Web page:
The Flow rate to the first treatment piece (from the pump) is estimated to be 20GPM by the well company based on me using a 1" pipe. Not sure my flow rate needs for the house (I know that depends on fixtures and many other things), but it will be a 4 bedroom 2.5bath with a whirlpool tub in one of the full baths. future expansion will include 2 additional bedrooms and 1 more full bathroom.

Thanks!

Akpsdvan
01-13-2010, 09:33 PM
Manganese Greensand Filter, 2.0 cubic foot unit for iron and smell followed with a Softener for the Hardness that is in the water.
The 2.0 Greensand filter could handle 10gpm flow rate, if more flow rate is needed through the greensand, double up on it, two filters first in last out.
Softener could be sized for 10gpm with a peak of 15gpm which would be at least 1.5 cubic foot.


That is one of the ways that I might handle this kind of water here.

Twinpeaksr
01-14-2010, 05:38 AM
Sounds like I have 3 possible solutions:

Solution G:
- Chlorinator (H2S and Fe)
- Carbon Filter (Cl)
- Softener (Hardness)

Solution B:
- Iron Media Filter (H2S and Fe)
- Softener (Hardness)

Solution A:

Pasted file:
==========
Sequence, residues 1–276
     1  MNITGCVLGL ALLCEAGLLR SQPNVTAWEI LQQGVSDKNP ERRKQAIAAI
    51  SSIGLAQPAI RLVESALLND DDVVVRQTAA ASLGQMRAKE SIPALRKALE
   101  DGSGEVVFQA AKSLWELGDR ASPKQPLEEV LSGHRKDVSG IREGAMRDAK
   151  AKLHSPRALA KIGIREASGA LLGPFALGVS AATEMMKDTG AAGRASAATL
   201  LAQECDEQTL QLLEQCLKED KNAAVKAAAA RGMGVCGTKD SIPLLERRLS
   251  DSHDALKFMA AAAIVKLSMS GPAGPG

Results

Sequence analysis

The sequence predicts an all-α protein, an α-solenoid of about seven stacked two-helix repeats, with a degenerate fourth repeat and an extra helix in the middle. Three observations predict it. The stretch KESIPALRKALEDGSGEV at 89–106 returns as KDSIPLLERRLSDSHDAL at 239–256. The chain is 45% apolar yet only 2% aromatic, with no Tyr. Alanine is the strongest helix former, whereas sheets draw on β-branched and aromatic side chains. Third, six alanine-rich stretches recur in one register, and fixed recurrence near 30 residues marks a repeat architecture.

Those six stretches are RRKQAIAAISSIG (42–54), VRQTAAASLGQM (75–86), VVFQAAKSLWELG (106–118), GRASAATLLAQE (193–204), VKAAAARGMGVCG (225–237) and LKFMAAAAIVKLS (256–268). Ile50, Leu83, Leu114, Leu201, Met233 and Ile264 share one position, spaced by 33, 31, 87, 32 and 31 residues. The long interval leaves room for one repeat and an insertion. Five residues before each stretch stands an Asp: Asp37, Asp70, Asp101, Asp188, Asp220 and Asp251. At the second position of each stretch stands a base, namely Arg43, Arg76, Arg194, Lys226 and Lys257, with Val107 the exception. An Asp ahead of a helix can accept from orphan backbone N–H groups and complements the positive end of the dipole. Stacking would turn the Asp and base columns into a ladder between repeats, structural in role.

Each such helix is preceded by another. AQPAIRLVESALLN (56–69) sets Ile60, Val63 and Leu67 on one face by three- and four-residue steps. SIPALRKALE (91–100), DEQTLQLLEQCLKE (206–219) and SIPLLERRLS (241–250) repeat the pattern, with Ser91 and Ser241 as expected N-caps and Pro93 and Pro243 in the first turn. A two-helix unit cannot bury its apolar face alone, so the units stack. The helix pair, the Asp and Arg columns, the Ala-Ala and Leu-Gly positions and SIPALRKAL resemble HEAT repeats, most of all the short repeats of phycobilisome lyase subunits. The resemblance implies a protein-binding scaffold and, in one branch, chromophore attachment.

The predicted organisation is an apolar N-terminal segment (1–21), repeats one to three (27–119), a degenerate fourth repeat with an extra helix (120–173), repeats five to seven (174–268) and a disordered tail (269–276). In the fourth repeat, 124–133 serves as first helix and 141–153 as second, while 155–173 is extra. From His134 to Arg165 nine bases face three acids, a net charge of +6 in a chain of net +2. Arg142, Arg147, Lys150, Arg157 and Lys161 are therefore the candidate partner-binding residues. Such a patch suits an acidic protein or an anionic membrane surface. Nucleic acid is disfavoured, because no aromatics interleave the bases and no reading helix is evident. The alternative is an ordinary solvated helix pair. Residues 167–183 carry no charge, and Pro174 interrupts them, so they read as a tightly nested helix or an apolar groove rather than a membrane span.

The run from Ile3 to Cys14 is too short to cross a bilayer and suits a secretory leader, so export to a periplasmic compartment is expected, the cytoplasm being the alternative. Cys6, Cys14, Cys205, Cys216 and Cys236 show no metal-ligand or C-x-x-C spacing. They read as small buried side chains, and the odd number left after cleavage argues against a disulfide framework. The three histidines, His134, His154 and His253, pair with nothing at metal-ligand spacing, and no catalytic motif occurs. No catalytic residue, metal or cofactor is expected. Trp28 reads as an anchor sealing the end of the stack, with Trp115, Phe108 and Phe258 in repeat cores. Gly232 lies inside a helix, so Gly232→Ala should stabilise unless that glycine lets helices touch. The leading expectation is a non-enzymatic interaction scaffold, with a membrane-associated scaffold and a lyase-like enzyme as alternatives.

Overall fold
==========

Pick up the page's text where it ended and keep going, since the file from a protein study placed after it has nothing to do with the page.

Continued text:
- Manganese Greensand Filter (H2S and Fe)
- Softener (Hardness)

Any thoughts on Pros/Cons for these Systems? I am guessing they all will do the job. What I have So Far:

Solution G:
Pro: Reduction in Water usage since no Iron Filter Backwash needed
Con: Need to replace a Filter, Cl, and NaCl regularly

Solution B:
Pro: Only Need NaCl Regularly
Con: Can take a lot of water to backwash the media (1200gal/3 days based on others experience)

Solution A:
Same as Solution B I think.


Any other info on this? Thanks for the help so far!

~R~

Bob999
01-14-2010, 07:03 AM
I think the carbon filter Gary is recommending is a backwashing filter. You would need to ask him about the backwash requirements. It obviously depends on the size of the filter among other things. Also Carbon filters need to be re-bedded periodically.

I think the backwash requirements for a Filox filter are a bit less than your estimate. A 2 cubic foot unit with a Vortech tank requires 10 gallon per minute backwash with daily backwash required. If the backwash is 8 minutes and settling rinse is 4 minutes that is 120 gallons per day.

Manganese greensand (or Manganese Greensand Plus which has some advantages as compared to traditional Greensand) would typically be regenerated with potassium permanganate which is a poison and really messy. Not something I would chose if there are alternatives.

Twinpeaksr
01-14-2010, 07:34 AM
I think the carbon filter Gary is recommending is a backwashing filter. You would need to ask him about the backwash requirements. It obviously depends on the size of the filter among other things. Also Carbon filters need to be re-bedded periodically.

I think the backwash requirements for a Filox filter are a bit less than your estimate. A 2 cubic foot unit with a Vortech tank requires 10 gallon per minute backwash with daily backwash required. If the backwash is 8 minutes and settling rinse is 4 minutes that is 120 gallons per day.